Article

Identification of twelve mutations in cartilage oligomeric matrix protein (COMP) in patients with pseudoachondroplasia.

Department of Pediatrics, University of Texas Medical School at Houston, 77225-0708, USA.
American Journal of Medical Genetics (Impact Factor: 3.23). 01/1999; 80(5):510-3. DOI: 10.1002/(SICI)1096-8628(19981228)80:53.0.CO;2-F
Source: PubMed

ABSTRACT Pseudoachondroplasia (PSACH) is an autosomal dominant dwarfing condition characterized by disproportionate short stature, joint laxity, and early-onset osteoarthrosis. PSACH is caused by mutations in the gene encoding cartilage oligomeric matrix protein (COMP). We are reporting on mutations in COMP in 12 patients with PSACH, including ten novel mutations. Eleven of the mutations are in exons 17A, 17B, and 18A, which encode the calcium-binding domains, and one mutation is in exon 19, which encodes part of the carboxy-terminal globular domain. Two of the mutations identified are the common delGAC(1430-1444) in exon 17B, which accounts for 36% of identified PSACH mutations. This report increases the range of mutations in COMP that cause PSACH and provides additional evidence for the importance of the calcium-binding domains and the globular domain to the function of COMP.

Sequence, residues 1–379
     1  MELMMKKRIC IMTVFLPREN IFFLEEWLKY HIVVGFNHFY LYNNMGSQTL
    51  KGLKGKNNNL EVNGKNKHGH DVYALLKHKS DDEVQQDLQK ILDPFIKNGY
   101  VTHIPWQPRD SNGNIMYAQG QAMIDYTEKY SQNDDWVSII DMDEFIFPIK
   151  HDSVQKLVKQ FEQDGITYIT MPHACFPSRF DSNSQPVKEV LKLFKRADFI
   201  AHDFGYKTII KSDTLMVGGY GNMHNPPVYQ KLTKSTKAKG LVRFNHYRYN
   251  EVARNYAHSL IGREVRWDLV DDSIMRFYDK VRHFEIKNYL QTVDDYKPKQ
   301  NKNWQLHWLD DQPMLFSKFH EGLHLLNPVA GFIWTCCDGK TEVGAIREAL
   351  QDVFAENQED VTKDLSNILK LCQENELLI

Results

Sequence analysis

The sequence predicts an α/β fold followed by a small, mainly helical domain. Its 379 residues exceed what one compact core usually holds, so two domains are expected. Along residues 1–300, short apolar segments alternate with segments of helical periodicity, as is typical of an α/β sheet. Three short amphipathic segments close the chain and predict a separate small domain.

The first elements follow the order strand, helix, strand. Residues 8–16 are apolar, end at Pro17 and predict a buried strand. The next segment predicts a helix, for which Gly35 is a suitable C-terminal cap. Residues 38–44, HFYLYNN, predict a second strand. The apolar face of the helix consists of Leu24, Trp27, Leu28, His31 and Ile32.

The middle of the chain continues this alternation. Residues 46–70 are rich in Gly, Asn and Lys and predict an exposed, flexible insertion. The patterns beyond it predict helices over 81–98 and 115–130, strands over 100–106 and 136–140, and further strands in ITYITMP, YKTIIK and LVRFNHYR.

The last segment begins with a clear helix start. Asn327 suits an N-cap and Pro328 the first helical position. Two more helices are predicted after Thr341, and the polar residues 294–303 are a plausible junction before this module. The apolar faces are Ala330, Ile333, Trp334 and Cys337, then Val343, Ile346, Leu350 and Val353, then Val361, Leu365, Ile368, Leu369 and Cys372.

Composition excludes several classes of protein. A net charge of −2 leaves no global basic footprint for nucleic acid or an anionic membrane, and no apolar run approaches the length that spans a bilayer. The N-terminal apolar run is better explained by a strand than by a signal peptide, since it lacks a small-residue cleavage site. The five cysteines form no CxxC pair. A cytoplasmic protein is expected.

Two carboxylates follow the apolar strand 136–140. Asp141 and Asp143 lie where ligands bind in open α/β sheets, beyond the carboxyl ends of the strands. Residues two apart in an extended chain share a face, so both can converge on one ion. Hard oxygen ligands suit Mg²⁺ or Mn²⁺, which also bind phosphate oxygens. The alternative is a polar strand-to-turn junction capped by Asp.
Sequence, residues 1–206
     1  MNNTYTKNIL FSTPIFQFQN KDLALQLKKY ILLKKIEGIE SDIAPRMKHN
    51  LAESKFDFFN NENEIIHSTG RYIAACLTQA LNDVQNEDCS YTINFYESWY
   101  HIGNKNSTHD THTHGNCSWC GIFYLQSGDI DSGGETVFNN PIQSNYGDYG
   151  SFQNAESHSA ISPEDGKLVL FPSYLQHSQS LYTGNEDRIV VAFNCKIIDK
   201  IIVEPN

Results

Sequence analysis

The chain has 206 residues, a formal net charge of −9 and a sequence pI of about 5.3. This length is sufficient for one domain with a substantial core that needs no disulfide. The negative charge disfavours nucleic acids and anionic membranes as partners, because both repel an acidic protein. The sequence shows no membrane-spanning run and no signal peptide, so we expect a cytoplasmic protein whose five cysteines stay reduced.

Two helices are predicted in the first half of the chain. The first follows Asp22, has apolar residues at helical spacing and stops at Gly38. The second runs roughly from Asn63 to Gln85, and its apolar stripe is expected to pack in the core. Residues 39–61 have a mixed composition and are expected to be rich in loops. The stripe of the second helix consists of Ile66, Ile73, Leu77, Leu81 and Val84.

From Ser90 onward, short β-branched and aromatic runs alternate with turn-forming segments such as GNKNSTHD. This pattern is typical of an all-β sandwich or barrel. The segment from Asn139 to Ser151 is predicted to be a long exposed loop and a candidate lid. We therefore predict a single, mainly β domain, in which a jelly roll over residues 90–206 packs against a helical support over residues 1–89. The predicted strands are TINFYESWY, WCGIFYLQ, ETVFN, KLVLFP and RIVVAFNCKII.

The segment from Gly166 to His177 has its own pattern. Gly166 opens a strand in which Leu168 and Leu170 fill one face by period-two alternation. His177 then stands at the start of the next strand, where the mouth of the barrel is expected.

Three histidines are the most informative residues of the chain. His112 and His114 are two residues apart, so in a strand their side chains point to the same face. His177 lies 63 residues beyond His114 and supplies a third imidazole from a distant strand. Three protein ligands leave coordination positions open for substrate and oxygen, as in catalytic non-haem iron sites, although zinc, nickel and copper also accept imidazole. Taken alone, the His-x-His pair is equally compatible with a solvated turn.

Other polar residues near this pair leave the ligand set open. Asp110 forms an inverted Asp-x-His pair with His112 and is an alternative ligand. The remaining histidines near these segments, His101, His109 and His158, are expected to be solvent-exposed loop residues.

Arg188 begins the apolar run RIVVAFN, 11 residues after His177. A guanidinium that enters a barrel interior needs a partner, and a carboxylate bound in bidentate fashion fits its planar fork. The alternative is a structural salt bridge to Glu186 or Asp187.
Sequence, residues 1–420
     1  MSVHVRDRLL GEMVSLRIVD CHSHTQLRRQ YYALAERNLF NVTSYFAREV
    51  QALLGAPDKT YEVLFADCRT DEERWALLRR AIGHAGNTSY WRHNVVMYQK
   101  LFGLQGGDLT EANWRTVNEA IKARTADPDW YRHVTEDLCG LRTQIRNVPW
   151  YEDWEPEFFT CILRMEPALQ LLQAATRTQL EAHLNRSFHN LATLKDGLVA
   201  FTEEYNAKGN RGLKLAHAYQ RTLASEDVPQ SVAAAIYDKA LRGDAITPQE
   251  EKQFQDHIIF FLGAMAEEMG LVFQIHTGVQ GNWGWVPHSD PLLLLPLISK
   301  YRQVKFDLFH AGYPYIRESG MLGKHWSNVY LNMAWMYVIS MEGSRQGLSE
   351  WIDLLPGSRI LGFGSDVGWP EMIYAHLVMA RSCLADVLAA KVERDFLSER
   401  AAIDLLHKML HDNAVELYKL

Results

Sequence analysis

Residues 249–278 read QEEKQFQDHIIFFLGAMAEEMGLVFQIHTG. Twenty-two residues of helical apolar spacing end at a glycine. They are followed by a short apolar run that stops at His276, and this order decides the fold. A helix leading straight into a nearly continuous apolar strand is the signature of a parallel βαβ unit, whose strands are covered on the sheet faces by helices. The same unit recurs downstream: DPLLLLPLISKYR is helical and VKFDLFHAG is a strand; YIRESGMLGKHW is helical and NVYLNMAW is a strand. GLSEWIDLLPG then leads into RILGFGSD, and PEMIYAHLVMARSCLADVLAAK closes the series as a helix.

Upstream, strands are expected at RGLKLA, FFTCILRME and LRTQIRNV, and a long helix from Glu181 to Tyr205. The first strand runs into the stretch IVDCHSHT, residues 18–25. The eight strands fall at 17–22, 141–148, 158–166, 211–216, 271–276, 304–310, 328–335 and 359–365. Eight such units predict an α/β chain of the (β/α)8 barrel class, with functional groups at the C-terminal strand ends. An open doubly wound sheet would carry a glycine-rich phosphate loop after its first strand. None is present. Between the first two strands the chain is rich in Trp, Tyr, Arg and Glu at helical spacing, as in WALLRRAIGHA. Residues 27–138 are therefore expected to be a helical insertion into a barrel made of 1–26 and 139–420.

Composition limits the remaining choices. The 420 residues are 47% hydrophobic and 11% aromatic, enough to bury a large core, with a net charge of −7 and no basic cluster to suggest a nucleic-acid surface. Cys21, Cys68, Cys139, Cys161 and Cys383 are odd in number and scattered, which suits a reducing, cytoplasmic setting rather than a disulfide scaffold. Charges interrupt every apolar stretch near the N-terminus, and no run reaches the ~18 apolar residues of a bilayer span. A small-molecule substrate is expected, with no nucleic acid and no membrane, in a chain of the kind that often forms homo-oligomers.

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    ABSTRACT: Pseudoachondroplasia (PSACH) is a skeletal dysplasia characterized by disproportionate short stature, small hands and feet, abnormal joints and early onset osteoarthritis. PSACH is caused by mutations in thrombospondin-5 (TSP-5, also known as cartilage oligomeric matrix protein or COMP), a pentameric extracellular matrix protein primarily expressed in chondrocytes and musculoskeletal tissues. The thrombospondin gene family is composed of matricellular proteins that associate with the extracellular matrix (ECM) and regulate processes in the matrix. Mutations in COMP interfere with calcium-binding, protein conformation and export to the extracellular matrix, resulting in inappropriate intracellular COMP retention. This accumulation of misfolded protein is cytotoxic and triggers premature death of chondrocytes during linear bone growth, leading to shortened long bones. Both in vitro and in vivo models have been employed to study the molecular processes underlying development of the PSACH pathology. Here, we compare the strengths and weaknesses of current mouse models of PSACH and discuss how the resulting phenotypes may be translated to clinical therapies.